Taiwan Dollar Erases Loss as Won Rebounds From Korea Rate Cut

Taiwan’s dollar erased an earlier decline as South Korea’s won recouped losses after a surprise rate cut.

The Bank of Korea reduced its key rate by 25 basis points to a record low 1.75 percent on Thursday, stoking speculation Taiwan may weaken its currency to aid its exporters. The won, which often moves in tandem with the Taiwan dollar as the two economies are export rivals, slid as much as 0.8 percent after the announcement.

The island’s dollar closed little changed at NT$31.670 against the greenback, Taipei Forex Inc. prices show. It fell as much as 0.3 percent to NT$31.775 earlier, the weakest since Jan. 16. Taiwan’s currency has appreciated 1.2 percent versus the won over the past month and 1.6 percent against the yen.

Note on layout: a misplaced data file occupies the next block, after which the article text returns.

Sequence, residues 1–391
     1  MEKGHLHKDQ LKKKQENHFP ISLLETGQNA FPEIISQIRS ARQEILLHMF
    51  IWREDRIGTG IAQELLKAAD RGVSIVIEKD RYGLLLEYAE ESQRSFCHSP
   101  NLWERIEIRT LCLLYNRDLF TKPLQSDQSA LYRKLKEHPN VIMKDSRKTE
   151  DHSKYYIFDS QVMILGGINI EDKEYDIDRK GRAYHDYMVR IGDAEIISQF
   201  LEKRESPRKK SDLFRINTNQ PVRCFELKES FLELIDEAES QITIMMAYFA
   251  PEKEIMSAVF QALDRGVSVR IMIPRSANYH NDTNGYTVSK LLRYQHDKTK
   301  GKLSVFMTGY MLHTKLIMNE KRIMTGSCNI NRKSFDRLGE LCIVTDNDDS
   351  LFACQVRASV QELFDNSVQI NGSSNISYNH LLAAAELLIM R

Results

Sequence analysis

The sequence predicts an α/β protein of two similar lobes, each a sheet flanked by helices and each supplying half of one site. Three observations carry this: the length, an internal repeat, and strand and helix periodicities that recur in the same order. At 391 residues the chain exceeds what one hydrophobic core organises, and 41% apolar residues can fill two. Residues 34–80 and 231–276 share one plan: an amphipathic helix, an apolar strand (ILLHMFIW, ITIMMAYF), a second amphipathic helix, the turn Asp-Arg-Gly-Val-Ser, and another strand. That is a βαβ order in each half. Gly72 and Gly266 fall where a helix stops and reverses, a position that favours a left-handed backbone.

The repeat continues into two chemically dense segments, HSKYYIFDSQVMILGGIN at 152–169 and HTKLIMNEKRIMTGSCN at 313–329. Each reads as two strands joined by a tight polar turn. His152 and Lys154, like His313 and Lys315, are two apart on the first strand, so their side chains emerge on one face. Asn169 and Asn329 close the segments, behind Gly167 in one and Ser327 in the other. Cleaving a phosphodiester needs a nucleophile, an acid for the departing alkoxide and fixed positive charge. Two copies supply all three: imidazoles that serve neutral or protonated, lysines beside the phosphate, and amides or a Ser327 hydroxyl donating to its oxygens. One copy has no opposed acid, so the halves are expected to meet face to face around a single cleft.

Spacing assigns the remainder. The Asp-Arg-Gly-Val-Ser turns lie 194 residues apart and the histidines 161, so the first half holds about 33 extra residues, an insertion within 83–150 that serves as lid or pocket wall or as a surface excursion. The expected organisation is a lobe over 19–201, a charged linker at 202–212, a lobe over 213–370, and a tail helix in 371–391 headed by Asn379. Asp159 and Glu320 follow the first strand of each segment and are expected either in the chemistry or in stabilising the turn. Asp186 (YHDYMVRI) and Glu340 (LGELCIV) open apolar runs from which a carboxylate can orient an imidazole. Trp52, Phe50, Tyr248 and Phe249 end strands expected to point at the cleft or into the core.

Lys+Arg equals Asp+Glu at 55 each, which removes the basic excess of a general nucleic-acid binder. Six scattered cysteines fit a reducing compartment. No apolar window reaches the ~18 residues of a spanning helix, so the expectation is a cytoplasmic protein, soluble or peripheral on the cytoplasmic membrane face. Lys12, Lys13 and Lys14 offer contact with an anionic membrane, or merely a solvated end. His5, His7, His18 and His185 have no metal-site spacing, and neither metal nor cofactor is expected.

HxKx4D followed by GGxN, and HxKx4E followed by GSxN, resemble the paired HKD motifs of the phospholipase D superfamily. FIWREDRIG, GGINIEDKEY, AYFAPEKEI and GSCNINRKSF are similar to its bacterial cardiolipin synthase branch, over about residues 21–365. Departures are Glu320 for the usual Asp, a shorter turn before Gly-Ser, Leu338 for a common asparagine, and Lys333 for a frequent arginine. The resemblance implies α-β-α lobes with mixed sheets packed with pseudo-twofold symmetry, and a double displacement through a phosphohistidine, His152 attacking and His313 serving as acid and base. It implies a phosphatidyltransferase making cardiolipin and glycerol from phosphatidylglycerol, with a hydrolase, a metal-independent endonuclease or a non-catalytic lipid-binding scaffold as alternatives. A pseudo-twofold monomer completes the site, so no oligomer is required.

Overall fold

“There was speculation earlier that because Taiwan’s dollar lags the won in depreciating, it needs to catch up and fall more quickly,” said Tarsicio Tong, a currency trader at Union Bank of Taipei in the city. “Now it looks like it won’t be that severe.”

One-month non-deliverable forwards advanced 0.3 percent to NT$31.615, after falling 0.5 percent over the previous two days, according to data compiled by Bloomberg.

Taiwan’s central bank Governor Perng Fai-nan told lawmakers Thursday that the island doesn’t have to follow U.S. monetary policy, which he expects could raise rates as early as June. The central bank will “smooth out” currency volatility as a result of hot-money flows, he said.

Sovereign bonds gained, pushing the yield on the notes due 2025 down one basis point, or 0.01 percentage point, to 1.610 percent, Taipei Exchange prices show.

Before it's here, it's on the Bloomberg Terminal.